Artificial intelligence (AI) has quite evolved itself over recent decades. While it sparked numerous innovations and brought digital disruption to many industries, it also changed the jobs market forever. It is true that AI has replaced some jobs, however, it has also brought new roles for human workers. As per a 2017 research from IDC, released by Salesforce, AI is projected to create 823,734 jobs by the year 2021, surpassing the number of jobs lost to AI technologies such as machine learning and automation. The report had also predicted that AI would increase global business revenues by US$1.1 trillion in the same time frame.
Almost a year ago I had the good fortune to get introduced to Dr. Yuping Liu-Thompkins of Loyalty Science Lab, an incredible academician, researcher and good person. Her research focuses on real world issues of more than intellectual interest, research that suggests both problems and solutions. And Dr. Liu-Thompkins, in conjunction with David King and Dr. Bonnie Holub -- both of Teradata-- have done it again. This post might seem to be aimed at retailers -- and to some degree it's a wake up call for them - but I think you'll see it's pointing to important changes in consumer behavior that have occurred during the pandemic - changes that for the most part are likely to survive it. Their case for analytics usage -- which is not the obvious case -- is compelling.
China has pledged to collaborate in global efforts to drive digital development and build a "shared cyberspace" community. It has underscored the importance of the internet and international cooperation, as economies worldwide look to battle the COVID-19 pandemic. Chinese President Xi Jinping said China was "ready to work with other countries" to tap the opportunities "presented by the information revolution" and drive growth through innovation as well as open up new grounds in digital cooperation. Efforts also would be made to create a new paradigm for cybersecurity and to build a community with a "shared future in cyberspace", creating a brighter future for humanity, Xi said in a letter he sent and was read at the 2020 World Internet Conference in Wuzhen, China. With China-US trade relations still tense, efforts to cut out Chinese vendors such as Huawei from 5G implementations may create separate ecosystems and consumers could lose out on benefits from the wide adoption of global standards, as demonstrated with 4G.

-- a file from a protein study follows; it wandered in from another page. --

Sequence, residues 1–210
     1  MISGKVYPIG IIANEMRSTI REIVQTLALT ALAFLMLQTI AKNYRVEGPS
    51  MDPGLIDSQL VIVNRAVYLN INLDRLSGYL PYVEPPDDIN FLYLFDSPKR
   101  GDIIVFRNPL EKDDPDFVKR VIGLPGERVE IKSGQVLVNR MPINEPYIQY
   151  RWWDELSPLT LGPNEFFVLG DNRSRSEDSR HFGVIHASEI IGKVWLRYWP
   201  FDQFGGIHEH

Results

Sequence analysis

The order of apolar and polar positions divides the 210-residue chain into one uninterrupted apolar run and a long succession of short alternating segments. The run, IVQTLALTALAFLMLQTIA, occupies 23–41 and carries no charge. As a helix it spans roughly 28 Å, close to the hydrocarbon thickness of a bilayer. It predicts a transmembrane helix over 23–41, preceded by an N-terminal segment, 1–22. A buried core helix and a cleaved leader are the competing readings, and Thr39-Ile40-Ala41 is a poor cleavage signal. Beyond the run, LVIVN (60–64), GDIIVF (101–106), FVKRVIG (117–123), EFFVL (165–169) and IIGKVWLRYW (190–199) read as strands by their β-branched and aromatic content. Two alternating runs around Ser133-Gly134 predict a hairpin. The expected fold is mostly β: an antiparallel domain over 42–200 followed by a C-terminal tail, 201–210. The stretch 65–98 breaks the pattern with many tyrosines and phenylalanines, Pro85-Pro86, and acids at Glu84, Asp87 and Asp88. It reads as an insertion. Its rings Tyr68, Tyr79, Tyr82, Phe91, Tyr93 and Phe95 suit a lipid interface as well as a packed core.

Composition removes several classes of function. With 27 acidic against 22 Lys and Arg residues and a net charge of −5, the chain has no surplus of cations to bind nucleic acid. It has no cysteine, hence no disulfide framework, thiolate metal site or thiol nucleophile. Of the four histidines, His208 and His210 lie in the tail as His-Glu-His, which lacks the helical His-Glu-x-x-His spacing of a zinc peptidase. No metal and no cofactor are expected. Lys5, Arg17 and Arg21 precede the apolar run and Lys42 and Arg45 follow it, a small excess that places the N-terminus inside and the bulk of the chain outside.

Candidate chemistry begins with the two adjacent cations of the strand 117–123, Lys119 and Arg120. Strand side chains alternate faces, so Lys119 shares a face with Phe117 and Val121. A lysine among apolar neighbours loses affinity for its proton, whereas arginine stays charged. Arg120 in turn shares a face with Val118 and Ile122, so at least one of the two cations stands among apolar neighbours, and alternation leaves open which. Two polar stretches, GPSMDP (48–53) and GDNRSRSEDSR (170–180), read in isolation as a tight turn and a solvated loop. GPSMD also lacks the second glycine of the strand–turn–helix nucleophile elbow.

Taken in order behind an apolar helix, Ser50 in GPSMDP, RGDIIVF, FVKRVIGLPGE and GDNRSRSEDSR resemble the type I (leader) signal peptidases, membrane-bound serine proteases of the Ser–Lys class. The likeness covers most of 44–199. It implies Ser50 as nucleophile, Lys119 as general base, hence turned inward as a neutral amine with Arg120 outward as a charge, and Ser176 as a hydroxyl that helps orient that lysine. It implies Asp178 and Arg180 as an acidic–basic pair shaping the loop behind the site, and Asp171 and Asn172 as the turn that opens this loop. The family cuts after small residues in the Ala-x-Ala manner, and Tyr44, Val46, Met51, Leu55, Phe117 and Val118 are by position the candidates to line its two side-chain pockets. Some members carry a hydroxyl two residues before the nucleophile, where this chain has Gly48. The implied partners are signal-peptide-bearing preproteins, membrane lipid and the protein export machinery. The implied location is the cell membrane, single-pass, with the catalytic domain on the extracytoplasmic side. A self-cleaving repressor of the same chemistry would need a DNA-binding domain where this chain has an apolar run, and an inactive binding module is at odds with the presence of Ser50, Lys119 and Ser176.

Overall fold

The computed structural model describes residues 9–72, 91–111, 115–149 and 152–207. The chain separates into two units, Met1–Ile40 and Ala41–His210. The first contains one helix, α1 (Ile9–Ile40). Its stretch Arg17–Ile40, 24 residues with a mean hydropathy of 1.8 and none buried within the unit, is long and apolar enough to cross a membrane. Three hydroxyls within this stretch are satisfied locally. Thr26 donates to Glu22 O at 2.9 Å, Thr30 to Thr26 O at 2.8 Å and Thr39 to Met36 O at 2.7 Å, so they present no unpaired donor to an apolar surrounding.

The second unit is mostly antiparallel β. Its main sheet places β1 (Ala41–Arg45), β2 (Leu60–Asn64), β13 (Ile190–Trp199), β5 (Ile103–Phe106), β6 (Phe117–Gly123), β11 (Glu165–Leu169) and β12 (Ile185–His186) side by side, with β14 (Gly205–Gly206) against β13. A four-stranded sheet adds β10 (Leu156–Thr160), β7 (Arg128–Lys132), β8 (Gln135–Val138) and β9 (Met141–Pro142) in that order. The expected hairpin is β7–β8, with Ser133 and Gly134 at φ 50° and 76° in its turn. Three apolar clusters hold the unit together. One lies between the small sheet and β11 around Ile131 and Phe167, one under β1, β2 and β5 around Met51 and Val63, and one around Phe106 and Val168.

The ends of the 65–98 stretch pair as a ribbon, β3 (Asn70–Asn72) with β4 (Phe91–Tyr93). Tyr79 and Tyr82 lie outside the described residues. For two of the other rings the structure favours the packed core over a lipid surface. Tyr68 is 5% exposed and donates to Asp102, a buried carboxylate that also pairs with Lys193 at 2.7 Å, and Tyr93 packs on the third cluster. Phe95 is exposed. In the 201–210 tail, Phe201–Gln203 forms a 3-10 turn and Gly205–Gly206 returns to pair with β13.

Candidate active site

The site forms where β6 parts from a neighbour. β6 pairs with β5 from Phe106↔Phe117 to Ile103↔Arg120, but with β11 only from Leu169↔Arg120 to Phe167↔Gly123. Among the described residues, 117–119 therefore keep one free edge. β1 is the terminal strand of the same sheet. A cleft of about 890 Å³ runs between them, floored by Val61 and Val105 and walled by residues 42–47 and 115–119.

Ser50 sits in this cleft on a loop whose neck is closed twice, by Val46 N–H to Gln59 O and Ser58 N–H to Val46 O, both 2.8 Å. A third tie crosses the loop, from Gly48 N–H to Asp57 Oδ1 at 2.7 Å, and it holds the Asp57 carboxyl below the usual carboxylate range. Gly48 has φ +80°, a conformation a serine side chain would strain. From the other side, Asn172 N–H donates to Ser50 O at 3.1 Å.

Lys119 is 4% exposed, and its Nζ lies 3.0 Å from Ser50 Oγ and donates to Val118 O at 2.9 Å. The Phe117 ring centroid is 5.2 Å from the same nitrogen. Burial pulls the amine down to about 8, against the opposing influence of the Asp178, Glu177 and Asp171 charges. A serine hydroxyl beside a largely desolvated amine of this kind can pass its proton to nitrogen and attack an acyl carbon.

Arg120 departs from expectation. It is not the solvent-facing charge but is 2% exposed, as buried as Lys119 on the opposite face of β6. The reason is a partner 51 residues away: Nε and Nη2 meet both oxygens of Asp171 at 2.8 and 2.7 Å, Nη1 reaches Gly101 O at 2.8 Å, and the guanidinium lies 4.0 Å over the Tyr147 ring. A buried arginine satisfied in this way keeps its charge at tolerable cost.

As we approach the close of a whirlwind 2020, connected devices will continue to define numerous industries in the coming year. Several trends continue to gather momentum, fueling IoT's prominence in 2021, from data-intensive experiences that use Internet of Things (IoT) devices (such as self-driving cars or wearable devices) to basic health-and-safety needs as COVID-19 continues to take center stage. At the same time, the IoT landscape remains fragmented, with various prevailing standards, connectivity options and use cases abounding. This fragmentation will continue, predicted Forrester Research, and connectivity options will be diverse rather than standardized. While 5G has been touted as the holy grail for IoT, "there will be a variety of connectivity options," said Michele Pelino, senior analyst within the infrastructure and operations research team at Forrester.
Critical Care Suite 2.0 helps bedside staff and radiologists assess Endotracheal Tube (ETT) placement for intubated patients, including critical COVID-19 patients GE Healthcare announced a new artificial intelligence (AI) algorithm to help clinicians assess Endotracheal Tube (ETT) placements, a necessary and important step when ventilating critically ill COVID-19 patients. The AI solution is one of five included in GE Healthcare's Critical Care Suite 2.0, an industry-first collection of AI algorithms embedded on a mobile x-ray device for automated measurements, case prioritization and quality control. Research shows that up to 25 percent of patients intubated outside of the operating room have misplaced ETTs on chest x-rays, which can lead to severe complications for patients, including hyperinflation, pneumothorax, cardiac arrest and death. Moreover, as COVID-19 cases climb, with more than 50 million confirmed worldwide, anywhere from 5-15 percent require intensive care surveillance and intubation for ventilatory support. "Today, clinicians are overwhelmed, experiencing mounting pressure as a result of an ever-increasing number of patients," said Jan Makela, President and CEO, Imaging at GE Healthcare.